We’ve all heard it before. Exercise and a good diet are important when it comes to staying fit. While our health should always be a priority, many people are still unmotivated when it gets down to it. For some, the word diet means giving up your favorite foods and replacing them with nothing but salads. Likewise, exercise means grueling, physical activity every day for hours to some people. Well, I’m here to tell you some good news. Living a healthy lifestyle doesn’t mean you have to be extreme. No, you don’t have to give up all of your favorite foods. You also don’t have to turn into the Incredible Hulk and lift 100 tons every time you exercise.
As I began my journey towards a healthy lifestyle, the biggest issue for me was that it had been years since I worked out. I didn’t want to let that be the sole reason to stop me, so I tried (and failed) multiple times to get into the exercise game and living a healthy lifestyle before realizing a few things:
1. Motivation is important, but developing self-discipline is essential.
Motivation is great and all, but it just won’t always have your back like discipline will. If you think about it, motivation is like the sidekick to discipline. There will be days where your motivation ghosts you, and you all you want to do is stay in bed all day. Discipline is what will save the day and give you the drive to do it anyway.
2. Finding inspiration is a must.
You need more reason to pursue your goal than simply, “I have to.” Look for inspirational quotes, find some role models, watch some interviews of people with similar backgrounds to you, whatever it takes to give you meaning behind your actions. There WILL be times when you just don’t want to do anything. That’s normal, but it doesn’t get you where you want to be. Everyone needs a little push every once and a while.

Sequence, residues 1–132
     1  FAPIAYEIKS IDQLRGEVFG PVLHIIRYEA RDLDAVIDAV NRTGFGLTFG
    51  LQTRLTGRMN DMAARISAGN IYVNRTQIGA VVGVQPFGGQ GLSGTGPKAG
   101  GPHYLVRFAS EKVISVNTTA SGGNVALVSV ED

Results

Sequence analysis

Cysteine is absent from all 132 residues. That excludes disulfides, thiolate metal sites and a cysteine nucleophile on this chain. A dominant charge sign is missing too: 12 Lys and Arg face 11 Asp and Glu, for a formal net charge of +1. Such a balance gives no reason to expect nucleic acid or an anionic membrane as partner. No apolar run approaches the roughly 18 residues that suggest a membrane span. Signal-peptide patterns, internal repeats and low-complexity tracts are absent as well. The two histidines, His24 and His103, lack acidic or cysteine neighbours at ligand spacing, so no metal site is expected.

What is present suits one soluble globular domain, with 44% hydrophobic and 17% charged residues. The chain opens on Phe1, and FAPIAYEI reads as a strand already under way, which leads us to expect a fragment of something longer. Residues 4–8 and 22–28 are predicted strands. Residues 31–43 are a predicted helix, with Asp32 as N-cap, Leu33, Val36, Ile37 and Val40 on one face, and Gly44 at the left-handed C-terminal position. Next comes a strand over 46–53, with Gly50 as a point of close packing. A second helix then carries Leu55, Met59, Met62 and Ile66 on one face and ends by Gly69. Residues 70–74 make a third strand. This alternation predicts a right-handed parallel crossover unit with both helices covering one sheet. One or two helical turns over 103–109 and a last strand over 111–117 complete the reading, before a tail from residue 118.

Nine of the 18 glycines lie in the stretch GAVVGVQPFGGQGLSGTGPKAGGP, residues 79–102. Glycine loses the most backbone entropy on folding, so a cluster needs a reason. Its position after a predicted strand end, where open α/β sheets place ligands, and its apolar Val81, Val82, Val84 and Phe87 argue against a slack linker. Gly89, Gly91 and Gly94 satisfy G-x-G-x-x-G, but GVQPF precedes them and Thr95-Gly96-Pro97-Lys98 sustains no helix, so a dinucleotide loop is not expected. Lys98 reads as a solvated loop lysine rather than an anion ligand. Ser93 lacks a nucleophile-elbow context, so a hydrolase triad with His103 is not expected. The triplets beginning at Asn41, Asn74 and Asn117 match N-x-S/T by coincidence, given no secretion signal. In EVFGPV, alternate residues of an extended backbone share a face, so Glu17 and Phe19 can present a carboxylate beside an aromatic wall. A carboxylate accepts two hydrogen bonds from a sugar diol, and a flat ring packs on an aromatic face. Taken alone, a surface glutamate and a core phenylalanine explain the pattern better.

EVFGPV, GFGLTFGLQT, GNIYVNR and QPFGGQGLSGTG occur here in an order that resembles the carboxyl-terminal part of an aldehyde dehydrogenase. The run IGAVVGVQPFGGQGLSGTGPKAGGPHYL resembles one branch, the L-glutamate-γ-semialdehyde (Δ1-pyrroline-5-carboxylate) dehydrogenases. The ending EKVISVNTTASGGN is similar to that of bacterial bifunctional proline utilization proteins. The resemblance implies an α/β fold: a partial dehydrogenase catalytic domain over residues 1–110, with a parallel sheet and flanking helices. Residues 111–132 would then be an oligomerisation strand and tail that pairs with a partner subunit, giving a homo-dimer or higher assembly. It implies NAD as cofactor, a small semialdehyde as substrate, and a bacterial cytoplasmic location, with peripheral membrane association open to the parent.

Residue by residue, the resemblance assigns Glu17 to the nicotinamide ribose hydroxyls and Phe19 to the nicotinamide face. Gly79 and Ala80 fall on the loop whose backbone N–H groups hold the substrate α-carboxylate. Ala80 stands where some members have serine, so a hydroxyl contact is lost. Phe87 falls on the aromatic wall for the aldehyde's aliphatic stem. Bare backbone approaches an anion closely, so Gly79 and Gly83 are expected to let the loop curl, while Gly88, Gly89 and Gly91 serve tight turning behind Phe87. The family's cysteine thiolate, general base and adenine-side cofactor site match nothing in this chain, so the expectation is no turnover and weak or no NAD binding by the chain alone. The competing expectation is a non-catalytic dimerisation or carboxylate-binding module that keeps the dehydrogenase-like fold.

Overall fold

3. Your mindset can make or break you.
Having a good attitude about things helps make the process easier. Think about mood when you get up to do something just because you have to, like work or school. Are you bright and chipper first thing in the morning, or do you slowly get up and milk every second you can before getting ready? Approaching things with a positive attitude will make things like working out feel more enjoyable and like less of a chore.
4. Informing yourself creates a reason to do things.
Knowledge is power. You don’t want to be wasting your time and effort in the beginning only to find out that you’ve been doing it all wrong. (You can also harm yourself if you don’t take the time to learn how to properly do things!) Knowing why something works will give reason to your actions, rather than you just doing it “because you have to.”
5. You can still eat your favorite foods.
Yup, you read that right. Here’s the catch: It’s all about moderation and proportions. What you eat and how much you eat depends on what it is and what you are looking to achieve. This ties in with informing yourself. Different goals create different demands. Based on your goals, take some time to look at what you should eat, and what foods can replace what you shouldn’t eat. Don’t forget that living a healthy lifestyle doesn’t mean you have to lose out on flavor. There’s tons of delicious recipe for every diet there is!
6. Keeping track of your progress could be your number one motivator.
One of the biggest motivation killers is the fact that working out does not give you instant results. Sure, you could feel like you’re going to be sore for days because you worked so hard, but you still can’t get a six-pack pack overnight. Some people might feel uncomfortable tracking their progress because they aren’t happy about where they’re starting, but think about this: your stats are proof that you are making progress. The numbers and pictures don’t lie. This was one of my main motivators during my PIIT28 journey because I had proof that change was happening.
There are many ways to keep track of your progress. You can use an app, a paper journal, take pictures, whatever fits your style. I use the My Fitness Pal app to track my food and exercise, and I write down my measurements in a journal at the end of each month.
7. Your goal needs to be specific.
You might have trouble reaching your goals because they are too broad. “I want to lose weight,” is a common goal, but if you think about it, it does you no good. How much do you want to lose? Half a pound? Twenty pounds? Technically, both results meet the goal of losing weight, but losing half a pound isn’t what most people have in mind when it comes to weight loss. When you make your goal specific, you can approach it more methodically.
8. Living a healthy lifestyle is one you define yourself.
When it comes down to it, we have to remember we are unique individuals. A football player probably isn’t as interested in becoming as flexible as a ballerina. A dancer might not be too interested in building as much muscle as an Olympic power lifter. Your goals define your path. It isn’t about living the “right” lifestyle as it is living your own. Find your path, figure out where you want to be, and the rest will start to make sense. Good luck!